IN a bid to tackle incidences of juvenile inmates with petty offences, National Human Rights Commission, NHRC, has waded into cases involving some inmates in Anambra State.
The cases involve no fewer than 523 inmates in Awka and Onitsha prisons.
The body said the move was in line with the commemoration of the African Pre-Trial Day 2019 with theme: “Decriminalisation of Petty and Minor Offences.’’
It was on account of these offences that the NHRC was propelled to undertake the visit.
In a speech at Onitsha Prisons, where the commission interfaced with some juvenile inmates, Nkechi Ugwuanyi, the state coordinator, said the focus was to gather details of the inmates, whose alleged offences fall within the classification.
“This is to enable us to make appropriate interventions toward the decongestion of the prisons through advocacy for decongestion through decriminalisation of petty or minor offences,’’ she added.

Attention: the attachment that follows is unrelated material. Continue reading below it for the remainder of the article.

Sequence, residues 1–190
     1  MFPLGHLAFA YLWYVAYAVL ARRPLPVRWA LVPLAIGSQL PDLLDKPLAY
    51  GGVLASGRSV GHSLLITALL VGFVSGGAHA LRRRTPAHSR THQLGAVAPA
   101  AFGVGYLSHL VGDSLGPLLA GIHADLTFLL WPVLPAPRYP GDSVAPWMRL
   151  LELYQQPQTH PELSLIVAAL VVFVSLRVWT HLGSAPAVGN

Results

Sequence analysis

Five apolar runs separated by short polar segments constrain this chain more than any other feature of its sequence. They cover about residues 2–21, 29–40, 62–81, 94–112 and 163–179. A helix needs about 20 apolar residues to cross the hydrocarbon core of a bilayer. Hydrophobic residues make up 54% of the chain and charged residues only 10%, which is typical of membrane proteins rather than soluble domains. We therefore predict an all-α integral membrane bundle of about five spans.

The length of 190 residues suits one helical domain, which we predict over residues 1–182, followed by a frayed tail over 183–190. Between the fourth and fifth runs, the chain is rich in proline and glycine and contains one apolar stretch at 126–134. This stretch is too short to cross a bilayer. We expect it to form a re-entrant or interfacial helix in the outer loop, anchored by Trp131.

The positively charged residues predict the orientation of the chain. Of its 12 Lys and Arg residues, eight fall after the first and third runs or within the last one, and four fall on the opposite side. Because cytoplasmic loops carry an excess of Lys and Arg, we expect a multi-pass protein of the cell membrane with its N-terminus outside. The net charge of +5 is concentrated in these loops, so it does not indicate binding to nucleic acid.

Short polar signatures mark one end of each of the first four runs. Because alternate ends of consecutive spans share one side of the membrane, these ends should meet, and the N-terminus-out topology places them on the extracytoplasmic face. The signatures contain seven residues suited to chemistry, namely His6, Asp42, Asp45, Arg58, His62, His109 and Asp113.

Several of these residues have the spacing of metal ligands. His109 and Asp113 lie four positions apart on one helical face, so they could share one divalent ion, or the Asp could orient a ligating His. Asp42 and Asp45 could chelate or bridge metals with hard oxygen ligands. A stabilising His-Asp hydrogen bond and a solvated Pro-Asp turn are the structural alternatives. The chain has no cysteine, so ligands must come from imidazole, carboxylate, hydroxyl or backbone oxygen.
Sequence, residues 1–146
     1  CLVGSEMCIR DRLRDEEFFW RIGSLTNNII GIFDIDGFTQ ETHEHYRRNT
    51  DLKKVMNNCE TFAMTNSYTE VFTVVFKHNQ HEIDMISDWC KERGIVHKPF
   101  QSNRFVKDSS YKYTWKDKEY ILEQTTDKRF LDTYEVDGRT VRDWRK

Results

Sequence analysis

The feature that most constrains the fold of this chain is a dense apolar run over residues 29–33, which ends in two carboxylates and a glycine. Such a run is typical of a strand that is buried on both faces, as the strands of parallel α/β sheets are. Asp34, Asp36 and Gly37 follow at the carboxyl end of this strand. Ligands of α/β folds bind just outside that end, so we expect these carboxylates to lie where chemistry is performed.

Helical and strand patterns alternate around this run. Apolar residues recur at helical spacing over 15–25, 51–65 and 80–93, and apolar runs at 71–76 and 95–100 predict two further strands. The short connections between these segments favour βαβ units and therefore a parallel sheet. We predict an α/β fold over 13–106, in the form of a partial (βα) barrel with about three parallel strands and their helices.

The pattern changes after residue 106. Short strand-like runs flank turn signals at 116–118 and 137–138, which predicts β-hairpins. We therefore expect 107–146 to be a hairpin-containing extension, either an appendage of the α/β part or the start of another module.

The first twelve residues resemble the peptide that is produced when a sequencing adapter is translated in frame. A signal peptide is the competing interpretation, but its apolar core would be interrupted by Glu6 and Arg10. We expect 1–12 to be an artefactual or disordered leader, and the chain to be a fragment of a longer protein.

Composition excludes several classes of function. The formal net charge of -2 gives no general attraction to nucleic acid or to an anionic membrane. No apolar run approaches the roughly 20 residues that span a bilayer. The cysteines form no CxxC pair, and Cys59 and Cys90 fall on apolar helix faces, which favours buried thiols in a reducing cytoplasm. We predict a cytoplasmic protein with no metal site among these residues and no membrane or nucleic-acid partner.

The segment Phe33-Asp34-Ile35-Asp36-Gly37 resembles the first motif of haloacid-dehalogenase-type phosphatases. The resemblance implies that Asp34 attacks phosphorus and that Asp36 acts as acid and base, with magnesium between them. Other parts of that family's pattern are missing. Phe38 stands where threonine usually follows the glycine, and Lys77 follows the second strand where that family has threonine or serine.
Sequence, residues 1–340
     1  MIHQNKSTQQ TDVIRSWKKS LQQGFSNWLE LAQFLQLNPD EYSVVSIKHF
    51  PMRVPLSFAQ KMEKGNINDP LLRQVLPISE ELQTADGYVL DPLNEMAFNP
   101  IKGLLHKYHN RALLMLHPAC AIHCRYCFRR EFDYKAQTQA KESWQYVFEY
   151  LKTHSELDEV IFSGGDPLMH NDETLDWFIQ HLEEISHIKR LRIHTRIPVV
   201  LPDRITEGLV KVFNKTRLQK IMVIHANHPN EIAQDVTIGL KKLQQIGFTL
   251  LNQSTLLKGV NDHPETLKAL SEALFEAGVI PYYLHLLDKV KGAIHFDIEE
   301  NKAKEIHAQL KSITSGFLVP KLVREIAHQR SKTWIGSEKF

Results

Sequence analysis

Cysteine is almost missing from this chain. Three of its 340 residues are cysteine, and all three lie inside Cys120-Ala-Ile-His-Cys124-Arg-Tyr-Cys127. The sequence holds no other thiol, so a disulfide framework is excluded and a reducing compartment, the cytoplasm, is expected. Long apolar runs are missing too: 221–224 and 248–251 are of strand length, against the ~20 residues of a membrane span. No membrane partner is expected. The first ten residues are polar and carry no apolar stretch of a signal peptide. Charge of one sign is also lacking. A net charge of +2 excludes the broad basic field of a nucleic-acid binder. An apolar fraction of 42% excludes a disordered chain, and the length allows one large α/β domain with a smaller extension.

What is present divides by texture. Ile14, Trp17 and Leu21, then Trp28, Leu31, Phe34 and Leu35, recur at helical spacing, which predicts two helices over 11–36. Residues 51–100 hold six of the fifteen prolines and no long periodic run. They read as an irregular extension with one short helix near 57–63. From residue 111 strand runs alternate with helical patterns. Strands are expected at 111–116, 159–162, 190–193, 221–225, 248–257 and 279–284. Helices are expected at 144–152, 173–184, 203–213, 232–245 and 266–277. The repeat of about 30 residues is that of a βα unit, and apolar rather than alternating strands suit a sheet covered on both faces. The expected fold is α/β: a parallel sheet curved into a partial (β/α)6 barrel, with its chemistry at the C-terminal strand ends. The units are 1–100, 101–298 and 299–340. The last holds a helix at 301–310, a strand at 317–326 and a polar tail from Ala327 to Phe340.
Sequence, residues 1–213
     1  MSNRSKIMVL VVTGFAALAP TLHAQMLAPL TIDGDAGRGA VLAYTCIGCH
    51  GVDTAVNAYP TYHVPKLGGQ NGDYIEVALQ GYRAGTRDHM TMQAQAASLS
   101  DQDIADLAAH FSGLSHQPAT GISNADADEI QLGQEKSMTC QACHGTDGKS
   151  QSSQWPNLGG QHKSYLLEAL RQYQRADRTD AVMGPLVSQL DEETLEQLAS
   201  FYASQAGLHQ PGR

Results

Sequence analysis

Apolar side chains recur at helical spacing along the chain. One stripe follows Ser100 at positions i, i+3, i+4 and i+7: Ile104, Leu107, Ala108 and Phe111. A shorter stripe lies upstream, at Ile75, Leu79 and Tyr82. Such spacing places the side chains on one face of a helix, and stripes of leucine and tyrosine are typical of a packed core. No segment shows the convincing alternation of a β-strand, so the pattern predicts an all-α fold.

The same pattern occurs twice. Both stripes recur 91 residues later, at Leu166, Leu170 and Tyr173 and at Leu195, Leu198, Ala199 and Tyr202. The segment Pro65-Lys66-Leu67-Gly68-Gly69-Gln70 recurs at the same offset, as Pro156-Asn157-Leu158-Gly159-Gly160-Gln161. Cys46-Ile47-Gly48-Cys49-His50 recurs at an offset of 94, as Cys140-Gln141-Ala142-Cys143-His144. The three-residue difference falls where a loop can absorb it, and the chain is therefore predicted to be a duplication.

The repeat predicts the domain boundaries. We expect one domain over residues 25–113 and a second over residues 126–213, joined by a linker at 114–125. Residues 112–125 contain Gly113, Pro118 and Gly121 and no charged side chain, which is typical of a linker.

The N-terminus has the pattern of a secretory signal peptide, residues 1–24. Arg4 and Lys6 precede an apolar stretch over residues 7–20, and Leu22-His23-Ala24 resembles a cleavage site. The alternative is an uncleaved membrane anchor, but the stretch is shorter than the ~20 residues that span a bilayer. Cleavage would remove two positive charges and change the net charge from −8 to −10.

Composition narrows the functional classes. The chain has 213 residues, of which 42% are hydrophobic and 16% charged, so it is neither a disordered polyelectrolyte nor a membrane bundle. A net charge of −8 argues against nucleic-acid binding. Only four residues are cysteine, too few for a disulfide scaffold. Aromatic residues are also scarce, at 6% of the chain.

While describing the number of juveniles cases recorded as quite high, she noted that inmates, whose cases had been compiled, could have reasons to smile at the end of the exercise.
“Decriminalisation of petty offences are expected to reduce the challenges that pre-trial detention poses on the prison system and the society.
“We encourage stakeholders to affect the law, policy and practice of reforms,’’ Ugwuanyi said.
Earlier, Jerry Mazi, the deputy controller, Onitsha Prisons, called for alternative punishment for juveniles that commit offences rather than remanding them in prison custody.
He specifically sought for construction of “Correctional Centres,’’ with facilities for erring juveniles in the South East as had been done in other zones of the country, so as to keep them away from adults in prisons.
Mazi, however, commended government, churches and public spirited individuals for assisting in the provision of welfare needs of the no few than 1,456 inmates of the prison.
– Apr. 30, 2019 @ 12:12 GMT |